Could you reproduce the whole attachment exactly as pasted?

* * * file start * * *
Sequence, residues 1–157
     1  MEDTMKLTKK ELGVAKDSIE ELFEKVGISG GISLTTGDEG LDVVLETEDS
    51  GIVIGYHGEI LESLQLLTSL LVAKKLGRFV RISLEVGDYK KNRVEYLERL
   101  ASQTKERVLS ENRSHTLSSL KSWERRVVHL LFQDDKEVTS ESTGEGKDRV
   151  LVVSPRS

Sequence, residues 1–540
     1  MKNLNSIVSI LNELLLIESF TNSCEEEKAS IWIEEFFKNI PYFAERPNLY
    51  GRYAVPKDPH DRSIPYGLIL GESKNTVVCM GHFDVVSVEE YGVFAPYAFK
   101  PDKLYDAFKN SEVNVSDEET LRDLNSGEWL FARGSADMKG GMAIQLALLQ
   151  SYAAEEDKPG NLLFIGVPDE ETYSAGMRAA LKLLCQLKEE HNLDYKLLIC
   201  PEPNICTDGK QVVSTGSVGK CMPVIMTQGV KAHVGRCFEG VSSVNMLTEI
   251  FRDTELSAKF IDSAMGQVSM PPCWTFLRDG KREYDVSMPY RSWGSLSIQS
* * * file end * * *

Sequence, residues 1–157
     1  MEDTMKLTKK ELGVAKDSIE ELFEKVGISG GISLTTGDEG LDVVLETEDS
    51  GIVIGYHGEI LESLQLLTSL LVAKKLGRFV RISLEVGDYK KNRVEYLERL
   101  ASQTKERVLS ENRSHTLSSL KSWERRVVHL LFQDDKEVTS ESTGEGKDRV
   151  LVVSPRS

Sequence, residues 1–540
     1  MKNLNSIVSI LNELLLIESF TNSCEEEKAS IWIEEFFKNI PYFAERPNLY
    51  GRYAVPKDPH DRSIPYGLIL GESKNTVVCM GHFDVVSVEE YGVFAPYAFK
   101  PDKLYDAFKN SEVNVSDEET LRDLNSGEWL FARGSADMKG GMAIQLALLQ
   151  SYAAEEDKPG NLLFIGVPDE ETYSAGMRAA LKLLCQLKEE HNLDYKLLIC
   201  PEPNICTDGK QVVSTGSVGK CMPVIMTQGV KAHVGRCFEG VSSVNMLTEI
   251  FRDTELSAKF IDSAMGQVSM PPCWTFLRDG KREYDVSMPY RSWGSLSIQS